International Day of the World’s Indigenous Peoples: NESFAS’ “No One shall be left behind’ ‘ initiative strengthens Indigenous communities at grassroots level

Indigenous Peoples account for 6.2% of the global population and are custodians of vast diversity of unique cultures, traditions, language, knowledge and food systems. Every year, the 9th of August is celebrated as the International Day of the World’s Indigenous Peoples. This year, the UN has set the theme for the event as “Leaving no one behind: Indigenous peoples and the call for a new social contract” with a goal to demand for Indigenous Peoples’ inclusion, participation and approval in the constitution of a system with social and economic benefits for all. 

The celebration of the International Day of the World’s Indigenous Peoples has been earmarked to review social contracts that have often marginalised Indigenous Peoples.  

NESFAS, along with its indigenous partner communities also join the rest of the world in celebrating the event with a clear understanding of the goals in demand. 

Indigenous communities of Khasi Hills, Meghalaya, India.

Indigenous communities of the Khasi Hills, Meghalaya, India.

Ever since the ITM 2015, the Shillong Declaration which was signed by 170 indigenous food communities and delegates from 62 countries worldwide has acted as a blueprint for NESFAS’ various undertakings. Empowering Indigenous Peoples and protecting as well as progressing Indigenous food systems and agrobiodiversity has been the guiding principles for NESFAS. Much of the initiatives undertaken by NESFAS have been strategically aimed to level the playing field for Indigenous communities and portraying them as beacons of hope.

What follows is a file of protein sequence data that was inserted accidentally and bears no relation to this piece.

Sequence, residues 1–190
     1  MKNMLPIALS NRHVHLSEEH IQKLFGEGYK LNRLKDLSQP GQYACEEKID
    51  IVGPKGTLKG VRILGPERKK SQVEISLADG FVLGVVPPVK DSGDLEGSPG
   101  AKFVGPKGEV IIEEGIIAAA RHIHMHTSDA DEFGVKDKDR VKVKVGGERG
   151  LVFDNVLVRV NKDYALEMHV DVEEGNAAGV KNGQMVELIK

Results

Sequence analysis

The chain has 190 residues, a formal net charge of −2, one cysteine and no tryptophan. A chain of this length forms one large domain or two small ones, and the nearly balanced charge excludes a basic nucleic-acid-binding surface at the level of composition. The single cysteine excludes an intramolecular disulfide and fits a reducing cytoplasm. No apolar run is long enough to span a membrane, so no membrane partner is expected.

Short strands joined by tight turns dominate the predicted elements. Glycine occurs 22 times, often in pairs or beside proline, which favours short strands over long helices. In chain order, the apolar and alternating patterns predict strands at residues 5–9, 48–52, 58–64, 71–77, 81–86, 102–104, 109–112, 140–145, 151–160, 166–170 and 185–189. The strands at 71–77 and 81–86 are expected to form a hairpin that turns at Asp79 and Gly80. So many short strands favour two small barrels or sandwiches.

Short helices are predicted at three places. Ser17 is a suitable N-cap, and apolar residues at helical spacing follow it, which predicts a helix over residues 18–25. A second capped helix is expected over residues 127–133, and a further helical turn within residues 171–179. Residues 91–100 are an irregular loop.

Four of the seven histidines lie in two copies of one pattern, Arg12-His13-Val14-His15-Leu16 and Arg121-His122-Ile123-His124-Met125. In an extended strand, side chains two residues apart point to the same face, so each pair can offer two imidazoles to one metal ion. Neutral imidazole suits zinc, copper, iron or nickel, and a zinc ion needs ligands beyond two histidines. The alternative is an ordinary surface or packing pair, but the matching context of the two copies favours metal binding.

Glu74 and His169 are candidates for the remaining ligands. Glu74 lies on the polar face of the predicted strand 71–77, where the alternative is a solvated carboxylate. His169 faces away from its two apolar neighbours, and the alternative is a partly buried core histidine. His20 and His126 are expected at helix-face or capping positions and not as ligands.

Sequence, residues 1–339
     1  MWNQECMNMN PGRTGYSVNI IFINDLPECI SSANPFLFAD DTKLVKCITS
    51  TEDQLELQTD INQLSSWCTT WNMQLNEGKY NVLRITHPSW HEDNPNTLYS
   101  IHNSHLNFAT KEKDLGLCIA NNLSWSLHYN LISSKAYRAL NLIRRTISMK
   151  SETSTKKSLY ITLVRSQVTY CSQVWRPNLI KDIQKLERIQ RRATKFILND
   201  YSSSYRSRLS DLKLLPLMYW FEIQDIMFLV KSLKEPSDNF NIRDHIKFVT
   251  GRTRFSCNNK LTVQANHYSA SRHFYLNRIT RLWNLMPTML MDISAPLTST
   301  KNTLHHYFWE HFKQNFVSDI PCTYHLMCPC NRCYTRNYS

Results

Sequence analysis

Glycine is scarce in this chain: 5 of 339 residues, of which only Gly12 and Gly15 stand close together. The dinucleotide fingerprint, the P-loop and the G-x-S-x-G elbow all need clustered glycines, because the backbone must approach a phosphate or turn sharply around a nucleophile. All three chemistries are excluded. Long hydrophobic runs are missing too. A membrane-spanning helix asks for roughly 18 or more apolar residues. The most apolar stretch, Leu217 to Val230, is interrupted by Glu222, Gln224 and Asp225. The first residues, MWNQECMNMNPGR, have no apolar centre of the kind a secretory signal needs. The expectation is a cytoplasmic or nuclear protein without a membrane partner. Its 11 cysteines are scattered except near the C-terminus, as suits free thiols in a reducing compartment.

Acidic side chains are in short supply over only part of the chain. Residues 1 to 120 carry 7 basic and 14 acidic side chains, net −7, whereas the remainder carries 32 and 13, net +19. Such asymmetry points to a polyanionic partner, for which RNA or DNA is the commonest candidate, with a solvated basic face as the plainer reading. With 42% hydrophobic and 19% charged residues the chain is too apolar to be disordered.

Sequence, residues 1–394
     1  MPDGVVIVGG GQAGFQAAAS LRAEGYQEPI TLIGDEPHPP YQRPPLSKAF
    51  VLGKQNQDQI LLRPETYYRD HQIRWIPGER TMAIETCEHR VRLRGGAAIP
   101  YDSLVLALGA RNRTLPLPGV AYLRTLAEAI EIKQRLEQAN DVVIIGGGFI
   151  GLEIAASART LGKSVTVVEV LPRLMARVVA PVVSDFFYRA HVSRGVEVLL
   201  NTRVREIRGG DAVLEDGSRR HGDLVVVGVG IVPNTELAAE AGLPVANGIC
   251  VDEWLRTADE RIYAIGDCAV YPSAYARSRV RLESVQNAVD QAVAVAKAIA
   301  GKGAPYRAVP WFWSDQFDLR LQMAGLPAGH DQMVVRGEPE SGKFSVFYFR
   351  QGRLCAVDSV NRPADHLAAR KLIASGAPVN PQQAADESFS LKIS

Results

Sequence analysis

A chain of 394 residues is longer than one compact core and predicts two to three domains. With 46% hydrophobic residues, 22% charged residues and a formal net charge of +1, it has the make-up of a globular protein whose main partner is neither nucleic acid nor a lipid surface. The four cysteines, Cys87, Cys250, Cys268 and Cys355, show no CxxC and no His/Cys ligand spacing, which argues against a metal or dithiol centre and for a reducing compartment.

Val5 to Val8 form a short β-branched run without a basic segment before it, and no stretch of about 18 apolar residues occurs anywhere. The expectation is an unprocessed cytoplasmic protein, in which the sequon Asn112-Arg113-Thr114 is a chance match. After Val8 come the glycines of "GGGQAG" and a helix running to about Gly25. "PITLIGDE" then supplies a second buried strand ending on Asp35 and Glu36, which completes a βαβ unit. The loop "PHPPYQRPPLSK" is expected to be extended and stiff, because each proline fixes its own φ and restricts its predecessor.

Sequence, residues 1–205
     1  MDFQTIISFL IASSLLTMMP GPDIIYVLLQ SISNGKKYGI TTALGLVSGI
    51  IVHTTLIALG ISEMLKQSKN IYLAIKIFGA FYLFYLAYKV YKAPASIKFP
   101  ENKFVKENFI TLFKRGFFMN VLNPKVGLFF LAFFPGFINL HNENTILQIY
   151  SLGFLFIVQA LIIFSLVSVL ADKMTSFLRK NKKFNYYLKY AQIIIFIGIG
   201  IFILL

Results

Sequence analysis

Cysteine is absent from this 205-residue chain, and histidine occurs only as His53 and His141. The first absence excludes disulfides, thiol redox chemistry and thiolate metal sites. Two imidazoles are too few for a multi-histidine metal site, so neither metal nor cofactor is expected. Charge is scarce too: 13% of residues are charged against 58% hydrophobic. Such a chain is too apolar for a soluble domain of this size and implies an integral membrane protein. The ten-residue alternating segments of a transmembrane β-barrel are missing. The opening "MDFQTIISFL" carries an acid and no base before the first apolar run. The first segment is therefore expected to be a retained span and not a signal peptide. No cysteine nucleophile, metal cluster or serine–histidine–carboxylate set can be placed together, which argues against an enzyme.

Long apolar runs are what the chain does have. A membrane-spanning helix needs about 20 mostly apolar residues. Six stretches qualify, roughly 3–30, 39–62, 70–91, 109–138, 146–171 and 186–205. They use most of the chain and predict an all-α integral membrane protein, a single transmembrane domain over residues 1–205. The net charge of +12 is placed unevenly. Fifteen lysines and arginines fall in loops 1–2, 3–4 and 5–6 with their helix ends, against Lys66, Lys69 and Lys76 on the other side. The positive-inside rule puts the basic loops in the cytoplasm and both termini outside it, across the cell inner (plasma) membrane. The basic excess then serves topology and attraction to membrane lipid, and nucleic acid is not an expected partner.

Indigenous communities of the Garo Hills, Meghalaya, India.

Indigenous communities of the Garo Hills, Meghalaya, India.

In concurrence with the above, NESFAS entered into a partnership with REC in 2018 for a project titled “No one shall be left behind initiative: Biodiversity for Food, Nutrition and Energy Security for 3000 Households in Meghalaya and Nagaland, North East India.” 

In the past few years, NESFAS, through its various initiatives and campaigns, has been very instrumental in bringing forward solutions to address these gaps within the Social Contract realm at the grassroots level in Meghalaya and Nagaland, North East India. 

Chief among this is the inclusion of women in Dorbars that has been achieved in Nongtraw village. Dorbars are often considered the sanctum of men in the indigenous communities of Meghalaya. However, the change adopted by Nongtraw has created ripples across communities in Meghalaya as other communities also look at the inclusion of women in Dorbars for community decision making practices. 

Indigenous women taking leadership roles in farming and in council committees

Indigenous women taking leadership roles in farming and in council committees.